Marble symposium underway |

Marble symposium underway

Marble dust catches the light as a carver works into the afternoon.
Will Grandbois / Post Independent |

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Each year, around 100 stone carvers come from all over the world for the annual MARBLE Marble Symposium to share ideas, learn new techniques, and enjoy their craft without all the distractions of home.

Located just outside of Marble, a 3-acre parcel along the Crystal River serves as the event’s home. Visitors are welcome to stop by, but children must be supervised, and dogs and smoking are forbidden.

“The public is always welcome,” said Madeline Wiener, one of the founders of the event.

Wiener still remembers the first time she encountered a group of carvers working on what became known as “The Flying Bagel” in 1977.

“It planted a seed,” she recalled. “I wanted to be one of them.”

So, 28 years ago she helped launch the first MARBLE Marble with some of those very artists. For $900, participants get access to instruction, locally quarried marble — the state stone — and a wide array of tools. There also are payment plans and scholarships to help offset the cost.

The event has grown to include three separate sessions across six weeks, run by the nonprofit Marble Institute of Colorado. The site, too, continues to evolve.

Carvers work under shady awnings, while underground hoses power tools, and vendors offer new things to try. Chipmunks scurry among blocks of marble and completed sculptures as cottonwood cotton and marble dust mix along the trails.

Camping is available nearby, with showers housed in the cast off pillar cuts from the Lincoln Memorial.

At the end of the day, everyone gathers around a set of huge marble tables outside the communal kitchen.

“This is the center of the place,” cook Mark Browning said. “When it comes down to it, the heart is where the food is.”

Like most of the staff, Browning started out as a participant.

“We have a bunch of really good people,” Wiener said. “Everybody has found their niche. We try to cover everything. Some of us are more abstract; some more classical.”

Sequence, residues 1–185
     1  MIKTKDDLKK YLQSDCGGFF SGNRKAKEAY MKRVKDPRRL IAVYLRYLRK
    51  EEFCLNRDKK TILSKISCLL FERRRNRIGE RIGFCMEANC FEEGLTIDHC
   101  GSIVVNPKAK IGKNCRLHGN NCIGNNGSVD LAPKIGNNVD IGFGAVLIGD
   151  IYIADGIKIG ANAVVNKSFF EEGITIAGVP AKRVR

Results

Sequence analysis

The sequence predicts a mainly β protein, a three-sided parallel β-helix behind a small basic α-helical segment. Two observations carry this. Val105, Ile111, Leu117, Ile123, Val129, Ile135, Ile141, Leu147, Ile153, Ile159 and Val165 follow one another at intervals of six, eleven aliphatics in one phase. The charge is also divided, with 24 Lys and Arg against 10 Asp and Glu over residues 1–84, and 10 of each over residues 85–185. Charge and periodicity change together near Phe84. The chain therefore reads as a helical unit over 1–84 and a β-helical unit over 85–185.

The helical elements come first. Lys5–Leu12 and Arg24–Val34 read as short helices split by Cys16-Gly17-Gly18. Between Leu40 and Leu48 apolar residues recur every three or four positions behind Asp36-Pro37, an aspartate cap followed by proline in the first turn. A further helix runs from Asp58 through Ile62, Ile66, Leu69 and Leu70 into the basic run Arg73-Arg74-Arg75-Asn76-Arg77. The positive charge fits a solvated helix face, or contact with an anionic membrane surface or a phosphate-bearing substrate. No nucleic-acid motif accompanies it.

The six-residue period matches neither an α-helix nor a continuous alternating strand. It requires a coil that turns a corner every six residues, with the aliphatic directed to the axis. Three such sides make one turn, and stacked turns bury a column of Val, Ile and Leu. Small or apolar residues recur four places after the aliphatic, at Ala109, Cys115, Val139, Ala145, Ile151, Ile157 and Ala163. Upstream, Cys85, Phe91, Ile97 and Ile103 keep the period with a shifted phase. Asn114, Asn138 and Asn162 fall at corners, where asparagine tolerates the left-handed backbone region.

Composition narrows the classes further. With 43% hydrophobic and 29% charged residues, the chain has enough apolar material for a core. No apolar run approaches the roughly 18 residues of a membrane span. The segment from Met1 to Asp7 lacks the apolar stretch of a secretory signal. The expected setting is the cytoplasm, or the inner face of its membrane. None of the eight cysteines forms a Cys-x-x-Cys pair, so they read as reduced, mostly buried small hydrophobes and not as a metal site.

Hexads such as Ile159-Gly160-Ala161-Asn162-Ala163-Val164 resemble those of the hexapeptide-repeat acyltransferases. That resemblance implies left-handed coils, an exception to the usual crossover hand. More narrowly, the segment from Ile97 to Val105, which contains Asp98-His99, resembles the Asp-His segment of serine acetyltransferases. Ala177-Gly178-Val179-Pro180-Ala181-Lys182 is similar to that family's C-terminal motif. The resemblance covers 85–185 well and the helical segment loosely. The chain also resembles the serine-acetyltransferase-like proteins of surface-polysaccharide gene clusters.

Although the place and resources are a big allure, the most important element is the people.

“Sometimes you just need to be charged up by being around artists of like mind,” Wiener said. “We’re all drawn together somehow to work and experience the stone.”

Ravinder Bharbwaj of Delhi, India, agreed.

“Working with so many artists together brings a lot of energy,” he said.

For Karin Troendle of Fort Collins, her first visit years ago was her introduction to carving in the first place.

“I can’t draw to save my life, but I can look at the stone and see what’s there,” she said.

“I love it up here. It’s a different world,” she added.

The results of years of labor will be displayed at the Redstone Art Center, beginning with a reception from 5-7 p.m. July 17. The show helps fund the symposium and gives the artists a chance at a sale.

“I think the greatest honor is for someone you’ve never met to take money out of their pocket to buy your art,” longtime participant Gene Milway said.

For Rex Branson, who along with his wife, Vickie, carves wood and stone for a living, it’s even simpler.

“It’s the neatest thing in the world to see people enjoying your art,” he said.

The couple have plenty of experience, and their work is displayed at the gallery around the corner, but that doesn’t stop them from coming back to MARBLE Marble year after year.

“For anyone who wants to learn to carve, they’re not going to get a better experience anywhere,” Vickie said.

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